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The Mac Weekly

The Student News Site of Macalester College

The Mac Weekly

The Student News Site of Macalester College

The Mac Weekly

Professor book reviews: "Nightshade" by Andrea Cremer

By Matea Wasend

A broken foot doesn’t sound like a stroke of luck, but for Macalester history professor Andrea Cremer, it was just the beginning of a storybook ending. Cremer was planning on spending her summer horseback riding in Prior Lake, a reward to herself for landing a job at Macalester the previous year. Her first ride was over before it could even begin.

“I was leading my horse out of the stable and it got spooked,” Cremer remembered. “It jumped and came directly down on my right foot.”

The prognosis: twelve weeks on crutches.

“I couldn’t do anything else,” Cremer said. “So I started to write.”

And so Caila Tor, a seventeen-year old werewolf, was born. Nightshade, which tells the story of Caila and her pack’s role in the war between two feuding sects of witchcraft, was picked up by Penguin in the summer of 2009 and will hit bookshelves in October.

Nightshade combines Cremer’s favorite elements of both fiction and history. Always an avid reader, she grew up on fantasy authors like Mary Zimmer-Bradley, Lloyd Alexander and Neil Gaiman, and was particularly drawn to coming-of-age stories like in Harry Potter and The Dark is Rising series. Her own teen werewolf struggles with growing up, trying to determine whether the world around her is really as it seems. Nightshade also incorporates one of Cremer’s favorite areas of historical focus-the clash between superstition and science that plagued both western Europe and early America.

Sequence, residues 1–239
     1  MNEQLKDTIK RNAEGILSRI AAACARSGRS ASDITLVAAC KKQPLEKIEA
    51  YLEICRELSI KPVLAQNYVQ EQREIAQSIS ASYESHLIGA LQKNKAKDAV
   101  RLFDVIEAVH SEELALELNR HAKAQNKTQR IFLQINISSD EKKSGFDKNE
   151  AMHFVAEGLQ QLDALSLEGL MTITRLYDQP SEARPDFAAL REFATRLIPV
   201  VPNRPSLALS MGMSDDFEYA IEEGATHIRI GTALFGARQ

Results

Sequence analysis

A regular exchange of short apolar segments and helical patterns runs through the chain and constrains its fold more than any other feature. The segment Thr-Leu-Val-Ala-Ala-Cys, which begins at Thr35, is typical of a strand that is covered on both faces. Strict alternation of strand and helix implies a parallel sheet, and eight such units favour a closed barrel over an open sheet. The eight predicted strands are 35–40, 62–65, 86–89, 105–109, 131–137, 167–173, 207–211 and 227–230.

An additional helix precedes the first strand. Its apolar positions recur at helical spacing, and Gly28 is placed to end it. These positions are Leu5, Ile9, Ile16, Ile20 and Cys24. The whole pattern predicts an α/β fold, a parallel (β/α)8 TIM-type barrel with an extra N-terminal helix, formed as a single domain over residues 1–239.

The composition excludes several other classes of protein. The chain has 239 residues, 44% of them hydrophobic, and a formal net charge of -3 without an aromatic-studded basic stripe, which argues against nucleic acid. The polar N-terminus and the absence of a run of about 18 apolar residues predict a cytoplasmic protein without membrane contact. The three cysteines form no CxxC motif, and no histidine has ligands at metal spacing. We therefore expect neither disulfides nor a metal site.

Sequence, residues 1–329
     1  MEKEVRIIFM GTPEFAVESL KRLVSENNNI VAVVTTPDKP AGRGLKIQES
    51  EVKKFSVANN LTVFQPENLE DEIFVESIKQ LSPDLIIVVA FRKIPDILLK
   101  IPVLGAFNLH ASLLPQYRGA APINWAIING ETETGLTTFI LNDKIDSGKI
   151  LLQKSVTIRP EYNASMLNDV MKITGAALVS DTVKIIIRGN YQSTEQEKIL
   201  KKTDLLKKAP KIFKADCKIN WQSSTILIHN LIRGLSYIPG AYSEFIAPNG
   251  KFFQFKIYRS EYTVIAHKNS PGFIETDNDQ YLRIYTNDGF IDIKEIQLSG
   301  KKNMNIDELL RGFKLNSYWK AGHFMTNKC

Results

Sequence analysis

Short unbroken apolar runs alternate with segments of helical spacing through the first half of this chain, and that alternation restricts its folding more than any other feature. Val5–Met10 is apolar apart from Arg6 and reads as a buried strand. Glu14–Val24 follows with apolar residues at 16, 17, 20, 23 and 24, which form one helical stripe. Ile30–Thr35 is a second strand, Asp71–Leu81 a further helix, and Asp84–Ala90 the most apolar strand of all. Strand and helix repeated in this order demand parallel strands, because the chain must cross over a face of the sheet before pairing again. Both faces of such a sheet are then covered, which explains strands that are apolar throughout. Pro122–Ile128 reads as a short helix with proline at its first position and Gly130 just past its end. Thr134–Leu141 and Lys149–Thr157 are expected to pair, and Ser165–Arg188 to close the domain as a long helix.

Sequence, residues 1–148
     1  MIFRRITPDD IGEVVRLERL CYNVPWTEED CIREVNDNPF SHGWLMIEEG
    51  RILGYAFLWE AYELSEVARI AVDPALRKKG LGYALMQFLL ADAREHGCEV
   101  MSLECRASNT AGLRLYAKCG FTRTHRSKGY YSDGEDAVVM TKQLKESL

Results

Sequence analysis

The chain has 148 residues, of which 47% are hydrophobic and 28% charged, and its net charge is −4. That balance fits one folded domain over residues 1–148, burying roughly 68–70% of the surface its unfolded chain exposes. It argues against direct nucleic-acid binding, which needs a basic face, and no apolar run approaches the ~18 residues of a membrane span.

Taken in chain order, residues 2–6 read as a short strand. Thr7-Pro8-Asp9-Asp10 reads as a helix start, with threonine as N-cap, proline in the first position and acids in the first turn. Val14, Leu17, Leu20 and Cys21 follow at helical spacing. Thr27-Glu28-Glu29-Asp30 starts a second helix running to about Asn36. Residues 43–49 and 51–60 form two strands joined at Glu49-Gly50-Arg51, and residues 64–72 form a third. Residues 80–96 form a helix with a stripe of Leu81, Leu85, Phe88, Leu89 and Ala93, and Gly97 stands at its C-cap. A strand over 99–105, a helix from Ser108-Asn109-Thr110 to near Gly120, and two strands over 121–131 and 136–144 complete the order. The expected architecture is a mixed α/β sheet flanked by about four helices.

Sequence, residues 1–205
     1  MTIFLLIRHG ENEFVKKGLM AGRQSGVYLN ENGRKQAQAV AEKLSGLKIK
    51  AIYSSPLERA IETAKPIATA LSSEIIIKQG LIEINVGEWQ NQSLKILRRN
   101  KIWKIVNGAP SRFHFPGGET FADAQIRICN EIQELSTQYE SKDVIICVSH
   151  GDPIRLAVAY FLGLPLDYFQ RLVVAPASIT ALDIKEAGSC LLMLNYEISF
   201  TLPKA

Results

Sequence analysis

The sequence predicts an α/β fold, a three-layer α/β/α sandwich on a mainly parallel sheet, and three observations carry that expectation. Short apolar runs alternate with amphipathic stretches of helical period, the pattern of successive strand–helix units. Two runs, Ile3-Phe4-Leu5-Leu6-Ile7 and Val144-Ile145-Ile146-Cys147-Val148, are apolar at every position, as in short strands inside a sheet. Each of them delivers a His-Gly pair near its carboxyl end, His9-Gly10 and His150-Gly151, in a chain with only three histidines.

“Nightshade is a new imagining of witchcraft,” Cremer said. “I rethought the Inquisition and the witch hunts as a war between two factions of witchcraft, one that is still going on. Caila and her friends are soldiers in that war.”

Caila is pictured on the cover of Nightshade as a purple-haired, hazel-eyed beauty, accompanied with the catch phrase: “She can control her pack, but not her heart.” Online reviewers who managed to get their hands on advanced copies described the book as “sexy”, “intriguing”-as one reader put it, full of “lots of insanely hot werewolves.”

Nightshade will eventually be followed by three more books to complete the series; the next book, Wolfsbane (“Betrayal, loss, pain, fear. How many trials can love endure and still survive?”), is tentatively scheduled for release in Fall 2011. Cremer also has another book in the works, a young adult “steampunk” novel set in an alternate 19th century America in which the Revolutionary War never occurred and the British Empire dominates the globe.

Although Cremer predicts an oncoming whirlwind of publicity and signings as her first book release approaches, she will still consider herself equal parts novelist and historian.

“I have both on my business card,” she said, laughing. “I hope to maintain this career as a writer and a historian for my whole life.”

websites: Visit Andrea Cremer online at

Read Cremer’s blog, where she discusses writing, pop culture and the most recent episodes of Fox’s Glee:

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    Stephanie JonesSep 11, 2019 at 10:59 am

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